Can we predict the outcomes of deep learning algorithms that simulate and replace professional skills? Understanding the threat of artificial intelligence

J. Michael Innes, Ben Morrison

Research output: Chapter in Book/Report/Conference proceedingConference proceeding contribution

Abstract

Technological developments in artificial intelligence (AI) have produced startling outcomes in the ability of learning algorithms to outperform humans. The threat to employment from AI has spread more widely than has been previously envisaged and now encroaches upon the future employment of professionals. Specifically, legal practitioners, accountants, financial advisors and members of a spectrum of health professions are affected. The helping professions, including psychology, have in turn had the spotlight turned on them. This paper will briefly outline the threats that are forthcoming in the employment of psychologists. The main thrust of the paper, however, is concerned with an analysis of the nature of the deep learning algorithms used to simulate human thought and behaviour. These algorithms produce reliable simulations of behaviour. They also develop creative and highly innovative solutions, going beyond the capabilities of many humans. Humans now learn from the output of the algorithms. A problem, however, is that, while the algorithms are the product of human thought, their actual processing is opaque; humans cannot inquire into what is going on during the process. They only see the output. The paradox is that the development of AI mimics methodological behaviourism, a former paradigm in experimental psychology. Our work strongly suggests that the information entered into the initial assumptions from which the algorithms proceed may be deeply and yet subtly biased, due to methodological flaws in the design of experiments. The outcomes may, therefore, have undesirable and unforeseen consequences. In understanding the burgeoning threat of AI, professionals must be alert to the biases that exist, to enable a defence against replacement. Psychology has a role to play in developing this defence through its history of behaviouristic methodology and its understanding of the inherent flaws in the design of human experiments.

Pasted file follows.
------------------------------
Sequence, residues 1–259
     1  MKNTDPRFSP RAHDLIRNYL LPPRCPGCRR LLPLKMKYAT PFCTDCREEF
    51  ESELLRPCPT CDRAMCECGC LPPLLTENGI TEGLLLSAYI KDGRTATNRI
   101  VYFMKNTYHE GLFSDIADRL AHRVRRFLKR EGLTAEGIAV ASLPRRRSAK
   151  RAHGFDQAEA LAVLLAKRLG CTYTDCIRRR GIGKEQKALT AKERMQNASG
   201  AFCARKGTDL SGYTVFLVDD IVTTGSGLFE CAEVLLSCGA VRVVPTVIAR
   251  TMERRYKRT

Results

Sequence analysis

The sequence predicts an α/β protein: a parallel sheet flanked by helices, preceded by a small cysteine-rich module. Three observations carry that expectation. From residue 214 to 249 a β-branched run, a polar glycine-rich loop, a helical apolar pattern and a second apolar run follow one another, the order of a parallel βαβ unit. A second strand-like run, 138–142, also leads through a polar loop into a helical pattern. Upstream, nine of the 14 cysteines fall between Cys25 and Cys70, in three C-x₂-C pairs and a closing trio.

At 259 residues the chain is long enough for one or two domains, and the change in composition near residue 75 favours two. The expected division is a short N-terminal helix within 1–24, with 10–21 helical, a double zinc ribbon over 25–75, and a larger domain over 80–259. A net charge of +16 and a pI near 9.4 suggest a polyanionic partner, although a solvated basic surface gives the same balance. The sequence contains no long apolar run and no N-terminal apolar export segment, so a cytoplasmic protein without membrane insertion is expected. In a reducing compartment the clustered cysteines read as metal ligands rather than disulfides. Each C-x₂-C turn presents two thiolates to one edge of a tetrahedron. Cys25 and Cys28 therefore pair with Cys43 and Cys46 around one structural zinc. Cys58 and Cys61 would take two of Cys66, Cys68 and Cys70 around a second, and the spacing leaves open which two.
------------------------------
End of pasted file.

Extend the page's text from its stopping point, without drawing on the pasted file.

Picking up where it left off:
Original languageEnglish
Title of host publicationInnovations in a changing world
EditorsKatrina Andrews, Fiona Ann Papps, Vincent Mancini, Larissa Clarkson, Kathryn Nicholson Perry, Graeme Senior, Eric Brymer
Place of PublicationSydney, NSW
PublisherAustralian College of Applied Psychology
Pages155-167
Number of pages12
ISBN (Print)9780987630902
Publication statusPublished - 2020
Externally publishedYes
EventAustralian College of Applied Psychology Conference 2019: Innovations in a changing world - Melbourne, Australia
Duration: 28 Oct 201928 Oct 2019

Conference

ConferenceAustralian College of Applied Psychology Conference 2019
CountryAustralia
CityMelbourne
Period28/10/1928/10/19

Keywords

  • artificial Intelligence
  • employment
  • professions
  • future

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  • Cite this

    Innes, J. M., & Morrison, B. (2020). Can we predict the outcomes of deep learning algorithms that simulate and replace professional skills? Understanding the threat of artificial intelligence. In K. Andrews, F. A. Papps, V. Mancini, L. Clarkson, K. Nicholson Perry, G. Senior, & E. Brymer (Eds.), Innovations in a changing world (pp. 155-167). Sydney, NSW: Australian College of Applied Psychology.